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Beauty Packaging at the End of Permanence

By: Sarah Hoit
Posted: July 10, 2013, from the July 2013 issue of GCI Magazine.

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InCycle from MicroGreen Polymers, Inc. goes to the extreme, decreasing weight in something already lightweight, the thermoformable film used for food packaging and beverage cups, tubes and labels. What could be done to lighten something already so tiny? Like the design of bottle caps, incremental improvement is the goal. Although they have smooth continuous surfaces on the front at back faces that typifies films, the inner layer of these films are foamed, incorporating air and removing polymer from the center.


The aforementioned materials cut product weight by cutting material—physically using less. However, there are other novel ways to get more from less.

Modular systems allow for personal customization and the elimination of excess by allowing brands’ product to carry only what they need with them. Single-use packets and disposable containers are a great way to take a much-loved product along for the day. A new converting technique allows for design freedom and user ease at the most primary level, taking “Tear Here” and turning it into “Tear Anywhere.”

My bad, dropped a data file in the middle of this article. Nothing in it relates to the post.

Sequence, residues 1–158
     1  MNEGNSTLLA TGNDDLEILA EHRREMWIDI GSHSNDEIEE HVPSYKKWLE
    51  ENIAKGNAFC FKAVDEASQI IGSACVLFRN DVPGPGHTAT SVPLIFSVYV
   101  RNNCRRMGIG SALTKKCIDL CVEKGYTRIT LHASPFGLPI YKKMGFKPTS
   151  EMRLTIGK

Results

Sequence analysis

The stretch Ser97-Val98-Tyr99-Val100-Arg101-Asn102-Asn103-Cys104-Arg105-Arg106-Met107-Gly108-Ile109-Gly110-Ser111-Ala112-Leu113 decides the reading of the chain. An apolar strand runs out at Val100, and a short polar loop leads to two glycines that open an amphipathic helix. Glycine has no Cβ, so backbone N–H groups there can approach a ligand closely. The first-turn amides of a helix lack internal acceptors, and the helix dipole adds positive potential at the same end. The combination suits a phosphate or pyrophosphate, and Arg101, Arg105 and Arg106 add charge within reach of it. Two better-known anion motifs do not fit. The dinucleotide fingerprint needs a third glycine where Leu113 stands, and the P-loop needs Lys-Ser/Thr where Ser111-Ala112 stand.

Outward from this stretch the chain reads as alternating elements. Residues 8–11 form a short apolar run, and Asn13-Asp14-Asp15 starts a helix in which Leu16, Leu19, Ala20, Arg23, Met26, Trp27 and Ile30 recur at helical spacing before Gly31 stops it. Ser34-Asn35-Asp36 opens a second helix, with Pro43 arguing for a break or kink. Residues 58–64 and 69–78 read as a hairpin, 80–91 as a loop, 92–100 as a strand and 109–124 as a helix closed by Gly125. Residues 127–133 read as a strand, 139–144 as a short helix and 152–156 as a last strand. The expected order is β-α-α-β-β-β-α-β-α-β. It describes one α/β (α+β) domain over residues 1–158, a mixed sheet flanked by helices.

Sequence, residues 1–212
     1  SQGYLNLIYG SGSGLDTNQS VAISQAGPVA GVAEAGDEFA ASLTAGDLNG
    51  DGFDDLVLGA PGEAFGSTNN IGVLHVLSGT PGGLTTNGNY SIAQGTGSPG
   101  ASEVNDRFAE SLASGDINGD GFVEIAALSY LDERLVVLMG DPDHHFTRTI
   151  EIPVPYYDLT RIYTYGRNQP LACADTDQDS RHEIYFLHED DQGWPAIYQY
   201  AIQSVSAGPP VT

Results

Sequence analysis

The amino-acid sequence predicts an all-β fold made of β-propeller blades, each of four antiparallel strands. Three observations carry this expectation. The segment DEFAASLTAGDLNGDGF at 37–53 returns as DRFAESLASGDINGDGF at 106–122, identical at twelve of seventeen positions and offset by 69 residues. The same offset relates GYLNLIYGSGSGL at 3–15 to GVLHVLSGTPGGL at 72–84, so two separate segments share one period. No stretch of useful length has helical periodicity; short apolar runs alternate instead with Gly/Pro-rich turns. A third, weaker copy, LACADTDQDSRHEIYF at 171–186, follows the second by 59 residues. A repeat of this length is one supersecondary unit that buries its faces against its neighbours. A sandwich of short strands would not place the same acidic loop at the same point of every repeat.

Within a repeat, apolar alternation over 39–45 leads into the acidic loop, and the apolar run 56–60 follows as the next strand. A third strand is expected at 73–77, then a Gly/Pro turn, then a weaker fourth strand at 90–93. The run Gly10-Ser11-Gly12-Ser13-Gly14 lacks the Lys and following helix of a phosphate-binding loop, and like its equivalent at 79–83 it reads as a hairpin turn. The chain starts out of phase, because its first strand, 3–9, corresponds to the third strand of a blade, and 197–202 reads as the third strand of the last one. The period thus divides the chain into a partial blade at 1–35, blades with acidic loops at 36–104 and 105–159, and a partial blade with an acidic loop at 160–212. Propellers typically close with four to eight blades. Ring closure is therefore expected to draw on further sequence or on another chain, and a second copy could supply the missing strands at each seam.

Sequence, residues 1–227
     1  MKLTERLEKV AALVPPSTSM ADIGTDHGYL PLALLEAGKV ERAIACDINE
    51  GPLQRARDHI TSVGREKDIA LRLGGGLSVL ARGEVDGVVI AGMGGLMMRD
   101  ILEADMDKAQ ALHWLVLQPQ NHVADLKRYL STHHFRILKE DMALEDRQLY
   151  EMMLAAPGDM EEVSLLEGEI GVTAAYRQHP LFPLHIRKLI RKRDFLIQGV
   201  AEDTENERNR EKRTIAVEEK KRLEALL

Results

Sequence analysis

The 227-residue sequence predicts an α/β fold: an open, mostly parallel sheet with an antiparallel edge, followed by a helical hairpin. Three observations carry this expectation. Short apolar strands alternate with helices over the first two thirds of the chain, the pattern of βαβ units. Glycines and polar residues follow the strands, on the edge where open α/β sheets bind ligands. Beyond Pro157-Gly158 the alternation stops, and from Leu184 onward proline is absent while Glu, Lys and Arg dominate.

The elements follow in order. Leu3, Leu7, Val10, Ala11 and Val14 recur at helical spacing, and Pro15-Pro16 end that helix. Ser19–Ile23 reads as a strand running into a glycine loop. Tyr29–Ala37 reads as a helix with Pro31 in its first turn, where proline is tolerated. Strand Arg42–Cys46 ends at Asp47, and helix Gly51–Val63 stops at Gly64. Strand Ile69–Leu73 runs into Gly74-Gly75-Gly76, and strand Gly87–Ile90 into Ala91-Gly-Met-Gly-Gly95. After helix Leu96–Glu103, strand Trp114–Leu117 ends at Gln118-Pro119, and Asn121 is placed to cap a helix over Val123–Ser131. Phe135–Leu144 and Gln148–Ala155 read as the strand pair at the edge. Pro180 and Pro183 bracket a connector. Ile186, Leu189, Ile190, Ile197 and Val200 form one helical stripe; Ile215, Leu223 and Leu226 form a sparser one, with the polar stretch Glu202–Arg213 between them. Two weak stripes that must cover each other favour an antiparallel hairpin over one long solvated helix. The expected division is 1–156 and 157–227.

For example, Magic Cut perforating technology from Asahi-Kasei Corporation creates uniform perforations in the sealed edge of a film packet, making tearing the pack open possible at any point along any of the sides.

The Wave of the Future

Providing the modern consumer the products they want and need is one thing, but in beauty, packaging is part of the product and can contribute more than a pretty face to its contents. Exceptional packaging that judiciously utilizes material selection and manufacturing processes to further design possibilities can support portability, customization and functionality in light of customers needs.

Getting everything they want is something the consumer has grown to expect. There is suddenly very clear value in the reduction or elimination of everything they don’t.

With a masters of science from the North Carolina State University, College of Textiles, Sarah Hoit has been a materials scientist at Material ConneXion since 2012. Her specialty in nonwoven textiles, liquid repellency and polymers have brought her to be part of consulting projects with Fortune 500 companies and to assist with library research for the sourcing of materials that are included into the worlds’ largest library. Hoit has also been invited as presenter for the Innovation Summit at MIT Media Lab, discussing “Obake System: Garment/Habitat through multifunctional design and Green Chemistry” and has been a student presenter for the graduate seminar “Base of the Pyramid Marketing for Sustainability.”